[Ifeffit] High SO2

Scott Calvin SCalvin at slc.edu
Fri Apr 10 12:41:09 CDT 2009

On Apr 10, 2009, at 12:28 PM, Matt Newville wrote:

> In these cases, It is generally better to tell the fit to look only at
> the higher shell so that the inherent misfit in the first shell
> (inevitable, and generally of little importance to the result) does
> not dominate the total fit uncertainty.  In short, it speeds up the
> process (both for the computer and the human) to fit only the second
> shell.

I find myself flipping back and forth right now between completely  
agreeing (I've done things somewhat like what you describe in my own  
fitting) and thinking that we've changed the discussion to a different  
kind of system.

Let me take a stab at some circumstances in which I would use a fit to  
the first shell to fix parameters for analyzing other shells:

* When there are a couple of distinct possibilities for the first  
shell, and I want to distinguish between them. For example, it might  
be tetrahedrally or octahedrally coordinated. But in a circumstance  
like that, I still don't quite use the results from the first shell  
fit directly. If the first-shell fit yielded a coordination number of  
6.3 +/- 0.7, I'd use 6, figuring it was octahedral. Using 6.3 would  
seem to me to be a pointless introduction of error.

* When the first shell is not important to me, but the second shell  
is. This often happens in my work because there may be a little  
oxidation on the surface of a metal nanoparticle. The monolayer of  
oxide may be very puzzling structurally and not of much interest. If I  
can get some rough value for it and then fit from the second shell up,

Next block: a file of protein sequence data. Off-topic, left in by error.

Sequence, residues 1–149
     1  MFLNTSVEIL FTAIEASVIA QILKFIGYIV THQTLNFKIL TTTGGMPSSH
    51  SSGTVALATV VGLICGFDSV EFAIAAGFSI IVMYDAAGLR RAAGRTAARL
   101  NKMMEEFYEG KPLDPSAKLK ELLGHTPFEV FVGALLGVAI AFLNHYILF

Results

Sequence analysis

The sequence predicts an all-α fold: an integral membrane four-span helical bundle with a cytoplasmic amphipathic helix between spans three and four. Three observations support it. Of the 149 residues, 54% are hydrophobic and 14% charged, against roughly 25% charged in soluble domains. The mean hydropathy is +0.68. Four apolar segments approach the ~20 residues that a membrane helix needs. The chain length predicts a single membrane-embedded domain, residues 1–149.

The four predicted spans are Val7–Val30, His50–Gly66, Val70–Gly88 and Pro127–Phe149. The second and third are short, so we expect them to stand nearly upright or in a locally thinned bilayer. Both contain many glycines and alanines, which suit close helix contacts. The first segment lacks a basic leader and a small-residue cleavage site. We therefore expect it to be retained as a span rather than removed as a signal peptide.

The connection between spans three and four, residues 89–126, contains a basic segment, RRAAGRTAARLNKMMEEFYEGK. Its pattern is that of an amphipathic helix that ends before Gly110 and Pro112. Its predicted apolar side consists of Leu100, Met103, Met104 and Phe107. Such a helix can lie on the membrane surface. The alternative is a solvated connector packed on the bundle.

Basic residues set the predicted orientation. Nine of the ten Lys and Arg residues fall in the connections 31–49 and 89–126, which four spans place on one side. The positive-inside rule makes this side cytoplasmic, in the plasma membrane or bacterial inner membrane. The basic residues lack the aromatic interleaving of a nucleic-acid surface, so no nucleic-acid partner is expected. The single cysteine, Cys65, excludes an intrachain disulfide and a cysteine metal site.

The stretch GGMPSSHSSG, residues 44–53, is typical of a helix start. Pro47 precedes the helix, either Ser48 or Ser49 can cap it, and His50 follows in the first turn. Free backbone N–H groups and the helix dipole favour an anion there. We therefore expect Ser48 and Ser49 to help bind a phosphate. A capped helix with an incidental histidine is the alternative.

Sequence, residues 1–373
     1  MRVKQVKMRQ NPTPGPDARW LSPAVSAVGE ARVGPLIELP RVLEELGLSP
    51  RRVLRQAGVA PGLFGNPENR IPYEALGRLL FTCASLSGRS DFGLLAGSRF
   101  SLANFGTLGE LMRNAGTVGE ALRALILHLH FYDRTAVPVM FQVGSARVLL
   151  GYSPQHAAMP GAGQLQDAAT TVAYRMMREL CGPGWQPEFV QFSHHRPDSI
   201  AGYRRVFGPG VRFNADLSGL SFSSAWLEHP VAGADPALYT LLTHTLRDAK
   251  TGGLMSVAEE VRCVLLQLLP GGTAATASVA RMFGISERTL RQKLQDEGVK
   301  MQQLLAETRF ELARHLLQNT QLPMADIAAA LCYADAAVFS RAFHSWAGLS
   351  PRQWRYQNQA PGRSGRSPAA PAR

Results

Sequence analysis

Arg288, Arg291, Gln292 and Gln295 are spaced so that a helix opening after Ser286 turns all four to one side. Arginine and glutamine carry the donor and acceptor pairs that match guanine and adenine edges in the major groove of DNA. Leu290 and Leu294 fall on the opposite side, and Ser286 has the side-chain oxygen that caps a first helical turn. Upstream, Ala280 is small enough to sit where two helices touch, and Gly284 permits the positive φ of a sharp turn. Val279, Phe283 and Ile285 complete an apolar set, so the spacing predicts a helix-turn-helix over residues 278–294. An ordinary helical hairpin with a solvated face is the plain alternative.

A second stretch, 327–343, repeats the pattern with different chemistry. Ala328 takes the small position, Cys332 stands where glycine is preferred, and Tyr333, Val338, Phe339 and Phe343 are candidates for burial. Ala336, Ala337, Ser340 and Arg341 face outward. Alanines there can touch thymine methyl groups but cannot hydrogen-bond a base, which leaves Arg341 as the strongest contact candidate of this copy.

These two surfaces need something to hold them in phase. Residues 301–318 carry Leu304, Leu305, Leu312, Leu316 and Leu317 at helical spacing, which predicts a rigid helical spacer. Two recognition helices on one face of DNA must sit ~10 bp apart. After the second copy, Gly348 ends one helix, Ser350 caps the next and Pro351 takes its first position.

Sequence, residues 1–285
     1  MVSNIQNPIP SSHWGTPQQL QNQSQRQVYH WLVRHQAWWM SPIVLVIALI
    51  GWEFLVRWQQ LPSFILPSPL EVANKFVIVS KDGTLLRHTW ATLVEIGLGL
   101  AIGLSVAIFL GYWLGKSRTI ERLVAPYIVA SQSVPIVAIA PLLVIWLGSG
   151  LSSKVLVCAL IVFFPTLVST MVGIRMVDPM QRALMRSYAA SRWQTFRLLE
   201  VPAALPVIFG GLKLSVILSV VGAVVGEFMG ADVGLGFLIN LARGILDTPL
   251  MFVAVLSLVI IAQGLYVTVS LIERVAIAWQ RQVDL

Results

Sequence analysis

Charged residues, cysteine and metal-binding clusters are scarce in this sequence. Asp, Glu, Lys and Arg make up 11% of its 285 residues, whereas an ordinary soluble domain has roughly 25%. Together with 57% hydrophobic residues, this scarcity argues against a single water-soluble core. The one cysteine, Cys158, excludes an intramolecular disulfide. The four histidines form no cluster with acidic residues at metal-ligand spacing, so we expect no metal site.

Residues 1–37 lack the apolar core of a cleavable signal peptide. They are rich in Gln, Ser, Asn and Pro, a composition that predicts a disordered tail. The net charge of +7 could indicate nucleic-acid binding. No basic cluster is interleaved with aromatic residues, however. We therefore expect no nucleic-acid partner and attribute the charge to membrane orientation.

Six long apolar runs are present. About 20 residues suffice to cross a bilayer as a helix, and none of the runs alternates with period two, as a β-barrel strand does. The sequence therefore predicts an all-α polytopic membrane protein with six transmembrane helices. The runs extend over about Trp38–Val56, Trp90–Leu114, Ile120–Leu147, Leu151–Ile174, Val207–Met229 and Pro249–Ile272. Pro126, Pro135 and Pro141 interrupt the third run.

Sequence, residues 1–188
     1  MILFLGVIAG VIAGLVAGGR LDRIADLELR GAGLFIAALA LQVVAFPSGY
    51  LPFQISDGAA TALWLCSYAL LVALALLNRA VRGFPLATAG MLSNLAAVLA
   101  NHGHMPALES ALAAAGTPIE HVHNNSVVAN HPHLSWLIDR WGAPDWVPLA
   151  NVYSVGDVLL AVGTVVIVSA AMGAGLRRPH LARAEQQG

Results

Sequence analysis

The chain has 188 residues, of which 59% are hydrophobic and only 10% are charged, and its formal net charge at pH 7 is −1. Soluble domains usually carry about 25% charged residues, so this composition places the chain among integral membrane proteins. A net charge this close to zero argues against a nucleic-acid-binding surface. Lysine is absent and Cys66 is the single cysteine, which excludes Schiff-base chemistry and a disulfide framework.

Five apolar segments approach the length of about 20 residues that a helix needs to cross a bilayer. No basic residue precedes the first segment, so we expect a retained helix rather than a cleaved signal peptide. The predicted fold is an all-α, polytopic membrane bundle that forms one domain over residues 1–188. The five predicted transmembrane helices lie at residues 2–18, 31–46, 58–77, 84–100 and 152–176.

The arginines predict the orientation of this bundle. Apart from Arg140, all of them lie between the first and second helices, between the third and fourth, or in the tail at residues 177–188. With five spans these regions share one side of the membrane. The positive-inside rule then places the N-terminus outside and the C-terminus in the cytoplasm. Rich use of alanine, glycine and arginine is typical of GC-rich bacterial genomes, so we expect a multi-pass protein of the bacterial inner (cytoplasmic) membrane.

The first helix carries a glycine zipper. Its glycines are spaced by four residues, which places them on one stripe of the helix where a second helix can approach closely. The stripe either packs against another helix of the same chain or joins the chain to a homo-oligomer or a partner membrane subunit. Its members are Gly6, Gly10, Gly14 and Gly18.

I can get at the metal structure I'm interested in. But in that case,  
I wouldn't use the S02 and E0 from the first shell, since the second  
shell is better understood.

* When the first shell is dominant in the spectrum, and thus the fit  
tries to use the second-shell paths to fine tune the first-shell  
feature rather than to fit the second-shell feature. I think this is  
essentially what you're describing. In that case, I tend to not only  
set the parameters for the first shell when looking at the second, I  
also move the fitting range so that it doesn't start until above most  
of the first-shell feature.

In those cases, I'd agree with "valid and recommended." But this  
discussion started with a copper foil. And I've seen students at  
workshops applying it to systems of their own that are more like the  
copper foil (e.g. metal alloys) than the system you described. And  
it's always puzzled me. For cases like that, it seemed like the person  
was making more work for themselves by the back-and-forth of guessing  
and setting than by just extending the fit in a straightforward fashion.

--Scott Calvin
Sarah Lawrence College

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